Tax Guide

Get answers to all your questions about taxes, personal finance, insurance and more.

Tax Breaks for Vacation Homes

Just like your main home, vacation or second homes can have considerable costs – mortgage payments, taxes, and so forth. Good news: Many of the same tax breaks you can get for your primary home are also available for a vacation home.

Mortgage Interest Deduction

If you’re paying a mortgage on a vacation home, you may qualify for the mortgage interest deduction. If you don’t rent out the home, you may claim the home as a qualified second home and take the deduction. If you do rent out your vacation home, you must use either the home more than 15 days a year or more than 10% of the number of days the home is rented in order to claim the deduction.

To be able to deduct mortgage interest, the total debt for both your main home and vacation home must not exceed $1,000,000 ($500,000 if married filing separately).

Real Estate Tax

You may also be able to deduct any real estate taxes assessed on your vacation home. If the taxes are included in mortgage payments, then your mortgage holder should send you Form 1098 with the amount of taxes paid.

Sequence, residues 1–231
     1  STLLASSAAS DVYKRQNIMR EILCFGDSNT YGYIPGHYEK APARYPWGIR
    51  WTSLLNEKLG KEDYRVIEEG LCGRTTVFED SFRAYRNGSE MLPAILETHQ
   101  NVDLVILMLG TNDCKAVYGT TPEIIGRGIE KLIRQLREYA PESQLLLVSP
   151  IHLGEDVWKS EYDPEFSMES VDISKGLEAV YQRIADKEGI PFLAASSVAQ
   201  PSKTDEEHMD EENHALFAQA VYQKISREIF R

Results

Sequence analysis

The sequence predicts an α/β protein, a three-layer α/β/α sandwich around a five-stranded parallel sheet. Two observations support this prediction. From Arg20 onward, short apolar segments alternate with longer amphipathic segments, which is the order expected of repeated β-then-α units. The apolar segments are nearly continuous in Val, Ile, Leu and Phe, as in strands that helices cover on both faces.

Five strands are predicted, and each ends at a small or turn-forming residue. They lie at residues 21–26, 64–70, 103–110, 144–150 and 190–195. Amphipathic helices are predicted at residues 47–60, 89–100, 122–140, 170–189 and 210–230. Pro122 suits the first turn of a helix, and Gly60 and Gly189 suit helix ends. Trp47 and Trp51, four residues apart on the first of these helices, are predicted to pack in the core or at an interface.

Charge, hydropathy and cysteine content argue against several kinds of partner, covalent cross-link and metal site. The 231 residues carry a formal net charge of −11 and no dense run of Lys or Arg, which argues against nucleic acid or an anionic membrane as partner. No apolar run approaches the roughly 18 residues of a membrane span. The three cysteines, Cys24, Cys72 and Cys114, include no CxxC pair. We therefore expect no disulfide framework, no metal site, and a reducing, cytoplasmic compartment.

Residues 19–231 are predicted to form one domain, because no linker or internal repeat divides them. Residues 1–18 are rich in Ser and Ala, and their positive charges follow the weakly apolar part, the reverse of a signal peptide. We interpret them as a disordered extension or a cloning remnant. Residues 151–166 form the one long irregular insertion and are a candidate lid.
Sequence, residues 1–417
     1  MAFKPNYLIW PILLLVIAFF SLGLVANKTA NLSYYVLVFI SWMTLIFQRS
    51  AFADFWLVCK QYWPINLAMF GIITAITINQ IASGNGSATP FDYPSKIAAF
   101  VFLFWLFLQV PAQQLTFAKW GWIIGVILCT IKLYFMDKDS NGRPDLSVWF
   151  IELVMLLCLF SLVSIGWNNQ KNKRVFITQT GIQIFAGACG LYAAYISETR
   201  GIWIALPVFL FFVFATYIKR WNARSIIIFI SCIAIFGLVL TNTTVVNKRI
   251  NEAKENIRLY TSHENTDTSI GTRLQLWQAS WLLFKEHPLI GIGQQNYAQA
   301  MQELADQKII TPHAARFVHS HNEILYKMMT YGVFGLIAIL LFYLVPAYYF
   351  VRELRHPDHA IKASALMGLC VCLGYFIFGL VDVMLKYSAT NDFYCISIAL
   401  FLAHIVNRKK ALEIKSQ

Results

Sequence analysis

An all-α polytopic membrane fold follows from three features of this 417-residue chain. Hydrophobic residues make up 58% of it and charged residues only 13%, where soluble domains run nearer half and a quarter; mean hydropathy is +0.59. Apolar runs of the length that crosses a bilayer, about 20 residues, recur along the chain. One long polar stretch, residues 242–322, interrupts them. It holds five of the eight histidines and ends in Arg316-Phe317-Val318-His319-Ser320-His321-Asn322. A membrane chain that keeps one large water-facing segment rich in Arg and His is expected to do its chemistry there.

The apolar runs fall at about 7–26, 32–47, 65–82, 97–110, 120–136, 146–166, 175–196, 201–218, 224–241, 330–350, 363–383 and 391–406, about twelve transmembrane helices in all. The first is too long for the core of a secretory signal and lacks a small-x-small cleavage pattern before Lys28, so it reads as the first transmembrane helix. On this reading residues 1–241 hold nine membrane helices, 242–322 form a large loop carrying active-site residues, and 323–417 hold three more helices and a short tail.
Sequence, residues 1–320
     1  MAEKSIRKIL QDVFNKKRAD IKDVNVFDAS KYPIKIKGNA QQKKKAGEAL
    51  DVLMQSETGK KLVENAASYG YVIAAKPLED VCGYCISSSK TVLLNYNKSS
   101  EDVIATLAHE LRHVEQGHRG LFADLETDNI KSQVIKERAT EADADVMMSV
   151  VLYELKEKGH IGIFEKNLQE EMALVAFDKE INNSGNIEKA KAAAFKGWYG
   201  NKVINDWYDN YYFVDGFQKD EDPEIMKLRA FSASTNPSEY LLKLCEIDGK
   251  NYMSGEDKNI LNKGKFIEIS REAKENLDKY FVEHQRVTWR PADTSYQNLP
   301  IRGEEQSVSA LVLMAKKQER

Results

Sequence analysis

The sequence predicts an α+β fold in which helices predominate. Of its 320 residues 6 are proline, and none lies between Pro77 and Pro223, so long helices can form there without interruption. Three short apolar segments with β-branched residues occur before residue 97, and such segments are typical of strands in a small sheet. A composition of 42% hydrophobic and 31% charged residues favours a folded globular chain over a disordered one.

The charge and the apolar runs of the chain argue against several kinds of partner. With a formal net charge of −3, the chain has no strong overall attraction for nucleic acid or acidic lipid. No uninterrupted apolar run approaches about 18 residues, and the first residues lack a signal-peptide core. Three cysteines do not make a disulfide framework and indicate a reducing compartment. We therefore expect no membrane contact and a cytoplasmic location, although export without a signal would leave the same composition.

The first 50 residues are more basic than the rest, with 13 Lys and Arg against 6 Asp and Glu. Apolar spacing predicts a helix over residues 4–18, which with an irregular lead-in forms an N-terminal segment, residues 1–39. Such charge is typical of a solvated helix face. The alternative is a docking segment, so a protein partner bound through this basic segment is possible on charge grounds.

Vacation Home as Rental

If you rent out your vacation home, you may have to claim any tenant’s payments as taxable income. It depends on how many days during the year you rented the home. Less than 15 days, and you don’t have to claim the rent as income; more than 15 days and you do. Any rental expenses are also deductible. See Renting Part or All of Your Home.

Points

Just like with a main home, points paid for a mortgage on a vacation home are deductible. But unlike with your main home, you cannot deduct the points all at once – you can only deduct over the term of the loan.

Home Equity Loans

If you secure a home equity loan with a vacation home, you may be able to deduct interest paid on the loan. You may deduct the interest if the loan does not exceed $100,000 or $50,000, if married filing separately.

See also:
Tax Breaks for Homeowners
Disaster, Casualty, and Theft Loss
Residential Energy Credit